Too Hot to Cook? These Instant Pot Recipes Will Save You.

You’ll tame potatoes and squash in mere minutes.

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In the middle of a brutally hot summer—even by Austin standards—I’m not keen to fire up the oven. But at the farmers market, many of the vegetables I encounter are hardy ones that do well with a long, hot roast. There’s loads of butternut squash, a “winter” vegetable that in Texas gets picked and sold in high summer, and potatoes, dug in the spring and stored by farmers to be sold all through July and August. 

But one can’t survive on ice cream and takeout alone. Lucky for me, my colleague Kiera Butler introduced me to a gadget that has since become wildly popular: the Instant Pot. It’s a tool that can replace all manner of other contraptions, like rice cookers and crockpots. But the function I prize above all others is its service as a pressure cooker—one that, since it’s well insulated and driven by electricity, adds very little heat to my kitchen, even as it cooks like an absolute demon. 

And I’ve since discovered a concept I had no idea existed: pressure steaming. You just drop a steamer basket into your pressure cooker, add a little water, and you’ve got a magical tool. You can take a rock-hard, whole potato or a halved butternut squash, and in a matter of minutes, bring it to the fork-tender stage. For potatoes, this technique is particularly amazing, because it allows you to rapidly cook them whole, in their peels, without diluting their flavor with lots of water, as happens when you steam or boil them after they’ve been cut up. Pressure-steamed whole potatoes make for potato-ier potato dishes. 

Once you get the veggies steamed to perfection, you can just cut them up, add some fat and seasonings, and fast-brown on the stove-top or under the broiler. For the potatoes, you can also just cut them up, toss them in a vinaigrette, and create a fantastic potato salad, no oven-heating necessary.  

You can pursue this technique in any pressure cooker, not just an Instant Pot. But this countertop, electric-powered contraption works great for beating the kitchen heat.

Fast-Broiled Potatoes
(Yields three generous portions)

Ingredients
Six or seven fist-sized potatoes
Some olive oil
Salt and freshly ground back pepper, to taste
2 cloves garlic, mashed flat, peeled, and finely chopped
A pinch or two, to taste, of crushed chili flakes
1 bunch parsley, chopped (optional)
 
Directions
Place a metal steamer basket at the bottom of an electric pressure cooker and add 1 cup of water. Add the potatoes, seal the lid, and pressure cook for 14 minutes. Release the pressure and remove the lid. The potatoes should be fork-tender. (If they’re not, give them another 2-3 minutes.) Turn on your oven’s broiler. Move the potatoes to a cutting board, halve them, and cut each half into three pieces. Add the potatoes to a bowl and toss with two good glugs of olive oil and plenty of salt. Heat a large cast-iron skillet on the stove top until it’s smoking hot, drop in the potatoes and spread them across the bottom and broil them in the oven until they’ve browned. Flip them over, and repeat. When they’re nice and brown, remove them from the oven and add the parsley and garlic, tossing well. Turn that cursed broiler off, and serve immediately.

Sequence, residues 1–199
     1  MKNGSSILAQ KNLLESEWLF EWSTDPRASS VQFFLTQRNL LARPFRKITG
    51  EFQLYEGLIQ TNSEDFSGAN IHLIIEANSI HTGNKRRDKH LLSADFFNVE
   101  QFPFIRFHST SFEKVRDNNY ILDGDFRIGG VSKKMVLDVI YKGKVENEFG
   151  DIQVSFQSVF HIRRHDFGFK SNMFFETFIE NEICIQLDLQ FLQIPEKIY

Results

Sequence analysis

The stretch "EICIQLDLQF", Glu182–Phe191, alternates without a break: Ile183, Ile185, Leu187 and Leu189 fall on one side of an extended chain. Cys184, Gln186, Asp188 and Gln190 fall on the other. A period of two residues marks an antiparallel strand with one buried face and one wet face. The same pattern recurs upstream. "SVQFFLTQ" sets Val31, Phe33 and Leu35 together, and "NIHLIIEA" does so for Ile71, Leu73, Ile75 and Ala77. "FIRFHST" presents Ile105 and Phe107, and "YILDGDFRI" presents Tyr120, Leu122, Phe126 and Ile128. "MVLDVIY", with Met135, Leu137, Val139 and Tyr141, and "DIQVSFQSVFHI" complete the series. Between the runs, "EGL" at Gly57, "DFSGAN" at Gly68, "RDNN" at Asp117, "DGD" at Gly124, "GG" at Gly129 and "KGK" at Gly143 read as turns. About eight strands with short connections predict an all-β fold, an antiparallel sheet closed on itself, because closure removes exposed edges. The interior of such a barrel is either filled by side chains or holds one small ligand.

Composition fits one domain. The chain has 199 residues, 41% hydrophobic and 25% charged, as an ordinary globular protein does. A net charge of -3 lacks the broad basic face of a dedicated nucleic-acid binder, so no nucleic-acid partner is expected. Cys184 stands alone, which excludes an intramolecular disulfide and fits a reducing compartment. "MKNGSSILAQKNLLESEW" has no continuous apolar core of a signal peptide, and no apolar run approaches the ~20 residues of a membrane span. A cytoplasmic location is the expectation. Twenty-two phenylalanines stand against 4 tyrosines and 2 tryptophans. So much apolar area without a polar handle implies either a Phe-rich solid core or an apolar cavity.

Quick-Caramelized Butternut Squash
(Yields four generous portions)

Ingredients
1 butternut squash, halved lengthwise
Salt and freshly ground back pepper, to taste
1 quarter-stick of butter
 
Directions
Place a metal steamer basket at the bottom of an electric pressure cooker and add 1 cup of water. Add the squash halves, cut side down, seal the lid, and pressure cook for 12 minutes. Release the pressure and remove the lid. The squash should be fork-tender. (If they’re not, give them another 2-3 minutes.) Place the squash on a cutting board, and let cool. When your hands can tolerate it—after 15 or so minutes—peel the squash and cut it into bite-sized wedges. Place a large cast-iron skillet on the stove top over medium heat, and add the butter. Once it’s melted, swirl to coat the skillet and carefully place the squash wedges on the pan in one layer. Dust the squash with salt and pepper, and once they’ve browned on one side, flip and repeat. Serve immediately. 

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Truth #1: The chaos is the point.

Truth #2: Team Reality is bigger than it seems.

Truth #3: Facebook owns this.

Truth #4: When we go to work, we're in the fight.

Truth #5: It's about minority rule.

Truth #6: The only thing that can save us is…us.

Please take a moment to see how all these truths add up, because what happens in the weeks and months ahead will reverberate for at least a generation and we better be prepared.

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SIX TRUTHS

Reclaiming power from those who abuse it often starts with telling the truth. And in "This Is How Authoritarians Get Defeated," MoJo's Monika Bauerlein unpacks six truths to remember during the homestretch of an election where democracy, truth, and decency are on the line.

Truth #1: The chaos is the point.

Truth #2: Team Reality is bigger than it seems.

Truth #3: Facebook owns this.

Truth #4: When we go to work, we're in the fight.

Truth #5: It's about minority rule.

Truth #6: The only thing that can save us is…us.

Please take a moment to see how all these truths add up, because what happens in the weeks and months ahead will reverberate for at least a generation and we better be prepared.

And if you think journalism like Mother Jones'—that calls it like it is, that will never acquiesce to power, that looks where others don't—can help guide us through this historic, high-stakes moment, and you're able to right now, please help us reach our $350,000 goal by October 31 with a donation today. It's all hands on deck for democracy.

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